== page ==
Article

Indirect evidence of human skeletal muscle damage and collagen breakdown after eccentric muscle actions

School of Health and Sport Science, University of North London, UK.
Journal of Sports Sciences (Impact Factor: 2.08). 05/1999; DOI: 10.1080/026404199365911
Source: OAI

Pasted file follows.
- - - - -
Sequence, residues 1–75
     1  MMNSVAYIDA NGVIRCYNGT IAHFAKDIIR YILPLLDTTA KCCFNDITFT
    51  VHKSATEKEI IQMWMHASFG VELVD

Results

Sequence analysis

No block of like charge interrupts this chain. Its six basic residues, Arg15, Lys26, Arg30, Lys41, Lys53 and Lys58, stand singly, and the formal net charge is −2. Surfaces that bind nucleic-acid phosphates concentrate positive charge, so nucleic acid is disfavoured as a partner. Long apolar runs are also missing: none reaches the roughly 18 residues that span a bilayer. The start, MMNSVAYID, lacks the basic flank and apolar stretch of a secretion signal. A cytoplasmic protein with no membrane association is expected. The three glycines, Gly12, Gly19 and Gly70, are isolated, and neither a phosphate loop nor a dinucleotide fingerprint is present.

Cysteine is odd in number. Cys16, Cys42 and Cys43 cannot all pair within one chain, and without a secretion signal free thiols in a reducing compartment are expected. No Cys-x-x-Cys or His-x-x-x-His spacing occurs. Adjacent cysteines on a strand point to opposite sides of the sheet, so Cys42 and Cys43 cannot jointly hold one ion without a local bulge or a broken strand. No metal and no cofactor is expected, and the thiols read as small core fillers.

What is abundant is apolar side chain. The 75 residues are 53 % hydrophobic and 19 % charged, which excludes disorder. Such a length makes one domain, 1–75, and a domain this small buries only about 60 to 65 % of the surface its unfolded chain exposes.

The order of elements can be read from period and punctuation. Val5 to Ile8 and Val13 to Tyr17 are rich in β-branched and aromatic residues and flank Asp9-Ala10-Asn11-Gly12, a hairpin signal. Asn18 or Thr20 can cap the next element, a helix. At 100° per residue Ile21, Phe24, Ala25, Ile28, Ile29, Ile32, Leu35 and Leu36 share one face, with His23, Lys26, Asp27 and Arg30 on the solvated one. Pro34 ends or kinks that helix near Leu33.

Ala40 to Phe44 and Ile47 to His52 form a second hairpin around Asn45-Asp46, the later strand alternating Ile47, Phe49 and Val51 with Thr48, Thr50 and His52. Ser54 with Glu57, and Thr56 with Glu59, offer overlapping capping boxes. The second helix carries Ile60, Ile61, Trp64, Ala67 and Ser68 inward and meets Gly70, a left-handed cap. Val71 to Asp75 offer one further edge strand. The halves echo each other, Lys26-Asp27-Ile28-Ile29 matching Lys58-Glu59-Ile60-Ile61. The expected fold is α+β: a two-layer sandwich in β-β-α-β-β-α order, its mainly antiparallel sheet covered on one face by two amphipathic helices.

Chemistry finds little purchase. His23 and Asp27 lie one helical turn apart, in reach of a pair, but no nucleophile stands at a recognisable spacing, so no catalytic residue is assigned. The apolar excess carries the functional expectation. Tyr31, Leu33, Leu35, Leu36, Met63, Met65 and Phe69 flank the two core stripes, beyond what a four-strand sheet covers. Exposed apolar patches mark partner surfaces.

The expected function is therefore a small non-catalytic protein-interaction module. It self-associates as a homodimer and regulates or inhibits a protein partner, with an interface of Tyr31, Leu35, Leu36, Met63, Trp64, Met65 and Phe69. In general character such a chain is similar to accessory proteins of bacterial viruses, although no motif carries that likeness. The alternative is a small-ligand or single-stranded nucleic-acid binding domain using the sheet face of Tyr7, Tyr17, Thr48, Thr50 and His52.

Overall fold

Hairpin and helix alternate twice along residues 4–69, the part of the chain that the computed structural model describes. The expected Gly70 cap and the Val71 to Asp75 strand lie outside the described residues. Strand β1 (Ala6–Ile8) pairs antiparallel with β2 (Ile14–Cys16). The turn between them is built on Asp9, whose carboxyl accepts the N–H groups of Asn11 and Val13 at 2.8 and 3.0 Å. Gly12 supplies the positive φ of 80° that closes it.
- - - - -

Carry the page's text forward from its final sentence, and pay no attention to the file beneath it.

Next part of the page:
ABSTRACT This metadata relates to an electronic version of an article published in Journal of sports sciences, 1999, vol. 17, no. 5, pp. 397-402. Journal of sports sciences is available online at informaworldTM at http://www.informaworld.com/smpp/content~db=all~content=a713776150?words=indirect|evidence&hash=2313990694 Indirect markers of muscle damage and collagen breakdown were recorded for up to 9 days after a bout of concentric, followed by a bout of eccentric, muscle actions. Nine untrained participants performed two bouts of 50 maximum effort repetitions on an isokinetic dynamometer (angular velocity 1.05 rad.s-1, range of motion 1.75 rad). An initial concentric bout of muscle actions was followed by an eccentric bout 21 days later, using the same knee extensors. Concentric actions induced no changes in maximum voluntary isometric contraction force (MVC),nor induced any changes in the serum enzyme activities of creatine kinase, a lactate dehydrogenase isoenzyme (LDH-1), or alkaline phosphatase. Similarly, concentric actions induced no change in markers of collagen breakdown,namely plasma hydroxyproline and serum type 1 collagen concentration.In contrast,eccentric actions induced a 23.5 +/- 19.0% (mean +/- s) decrease in MVC immediately post-exercise (P< 0.05), and increased the serum enzyme activities of creatine kinase and LDH-1 to 486 +/- 792 and 90 +/- 11 IU.l-1 respectively on day 3 post-exercise, and to 189 +/- 159 and 96 +/- 13 IU.l-1 respectively on day 7 post-exercise (all P < 0.05). Eccentric actions induced no significant changes in plasma hydroxyproline, but increased collagen concentration on days 1 and 9 post-exercise (48.6% and 44.3% increases above pre-exercise on days 1 and 9 respectively; both P < 0.05). We conclude that eccentric but not concentric actions may result in temporary muscle damage, and that collagen breakdown may also be affected by eccentric actions. With caution, indices of collagen breakdown may be used to identify exercise-induced damage to connective tissue.

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